In considering the motivations of the cabal, I’ve often found myself at a loss. I just can’t fathom what would make them go along with that plan. Then again, I’ve never been a hostage to a terrorist group.
That Deacon has certainly gone a long way toward explaining his motives for participating in the plague plan. He was held with European prisoners and ultimately forced to fight to the death for his freedom. That in his disguise as a devout Muslim attending the Hajj, he’s taken the name of his captor as his pseudonym is no small thing.
Unfortunately (for Deacon), the captor is also attending. If he recognizes Deacon, which he slowly is, then it’ll really throw a wrench in the works. Luckily (for Deacon), he’s able to inject the real Ibrahim with God-knows-what. I would think there’d be some security in the camps, what with so many people, but I have also never organized a religious pilgrimage.
As for other’s motives, we also get a glimpse toward Reuel’s this week. For him, it seems like his participation is urged on by his faith. On the other hand, it’s still baffling. While at the Barbers’ to threaten Mae, an act he doesn’t want to do, he criticizes the violence in a movie Jude is watching. It’s wild cognitive dissonance–he’s participating in a plan to unleash death on real people–but at the same time, it’s probably human nature to rationalize.
And he works for the CIA, which means he has often had to make hard choices. That something with which Bob is certainly familiar. He interrupts Reuel’s prayers to try to force him into calling off the plan, but of course, a plan of this magnitude has built-in fail-safes. At least, that’s what Reuel says, but as we don’t know about anyone else’s involvement beyond Deacon, we don’t know that for sure.
Still, Joe wants to try stopping it, even if his plan isn’t as finely constructed as the cabal’s. After some arguing with Janice, Joe finally gets her and Caleb onboard. Caleb will expose the plague plan in a video. I get where they’re coming from, but I don’t have faith in it. I’m not sure what can happen after an announcement like that besides mass panic. As a stunning shot from Deacon’s hotel room shows, there are so many people there.
But Joe feels he has to do something. That’s surely the motivation for Sharla. She knows in her bones that killing Joubert won’t turn back time, but she feels like she has to do it anyway. Unfortunately, she hesitates just a second and that’s enough time for Marty to sneak up on her. Marty says that she’s not on anyone’s side–like Sharla, she was inserted into the investigation for a purpose. Her purpose was to cause friction with Bob, her former love. Marty, however, refuses to be anyone’s puppet and is interested only in the truth.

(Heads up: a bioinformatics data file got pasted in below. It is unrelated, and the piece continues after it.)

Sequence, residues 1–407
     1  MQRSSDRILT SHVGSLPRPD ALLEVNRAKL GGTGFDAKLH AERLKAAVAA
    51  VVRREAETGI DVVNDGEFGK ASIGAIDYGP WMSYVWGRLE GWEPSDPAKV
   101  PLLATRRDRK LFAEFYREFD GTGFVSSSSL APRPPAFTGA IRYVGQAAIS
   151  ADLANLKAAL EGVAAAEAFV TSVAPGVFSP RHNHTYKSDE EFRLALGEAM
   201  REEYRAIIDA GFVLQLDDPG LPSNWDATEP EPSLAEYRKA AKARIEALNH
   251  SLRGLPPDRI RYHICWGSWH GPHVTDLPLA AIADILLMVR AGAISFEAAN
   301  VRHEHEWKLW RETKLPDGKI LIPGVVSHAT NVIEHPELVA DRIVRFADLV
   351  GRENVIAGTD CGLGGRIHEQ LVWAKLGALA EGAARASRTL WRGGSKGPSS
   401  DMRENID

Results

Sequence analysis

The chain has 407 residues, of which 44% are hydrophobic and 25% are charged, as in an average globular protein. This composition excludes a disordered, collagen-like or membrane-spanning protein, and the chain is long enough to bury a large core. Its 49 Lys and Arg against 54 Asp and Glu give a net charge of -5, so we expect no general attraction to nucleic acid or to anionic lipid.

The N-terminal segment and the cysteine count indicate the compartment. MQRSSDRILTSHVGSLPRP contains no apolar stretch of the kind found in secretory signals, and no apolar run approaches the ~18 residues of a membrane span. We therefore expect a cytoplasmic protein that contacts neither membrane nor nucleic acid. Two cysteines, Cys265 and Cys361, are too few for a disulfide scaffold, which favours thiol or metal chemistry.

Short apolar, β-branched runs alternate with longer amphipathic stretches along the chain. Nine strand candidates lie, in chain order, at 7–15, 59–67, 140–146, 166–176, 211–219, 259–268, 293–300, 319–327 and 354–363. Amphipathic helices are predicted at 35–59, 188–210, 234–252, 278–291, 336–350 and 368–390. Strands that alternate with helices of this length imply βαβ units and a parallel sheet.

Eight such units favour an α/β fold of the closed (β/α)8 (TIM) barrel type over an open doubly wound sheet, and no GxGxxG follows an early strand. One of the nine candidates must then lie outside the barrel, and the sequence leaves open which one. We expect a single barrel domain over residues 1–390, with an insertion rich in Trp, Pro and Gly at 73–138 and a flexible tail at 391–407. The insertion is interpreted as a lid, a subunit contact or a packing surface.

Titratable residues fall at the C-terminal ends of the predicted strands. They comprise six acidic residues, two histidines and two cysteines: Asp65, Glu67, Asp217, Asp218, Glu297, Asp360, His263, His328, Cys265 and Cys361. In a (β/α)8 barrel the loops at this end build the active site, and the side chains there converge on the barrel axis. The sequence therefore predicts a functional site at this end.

So while she and Sharla join forces to get to the elusive truth, Joubert is free to do her work. Her motivation, by the way, is mostly money. It takes all kinds. And she takes all lives or at least, she tries to when she shows up at Caleb’s safe warehouse. Joe, she takes as a hostage, making him drive to nowhere good.
She tells him that his contract has been canceled–there’s no price on his head anymore–for the moment. But some day, when he’s become complacent, someone else will probably come for him. It’ll be someone he trusts. But he reminds her that she’s killed everyone he trusts, and then he does what I’ve been urging him to do the entire scene and wrecks the car.
8/10 – As we approach next week’s season finale, who knows what could happen? I certainly hope the plague plan is halted, but I fear that at least some part of it will be successful. If I had any qualms about this episode, it’s that it’s taken this long for us to get an idea of what was fueling the cabal’s actions. It’s not a major issue, but still–we’ve spent all this time with Joubert. Deacon’s storyline might have hit harder if we’d known him a little better.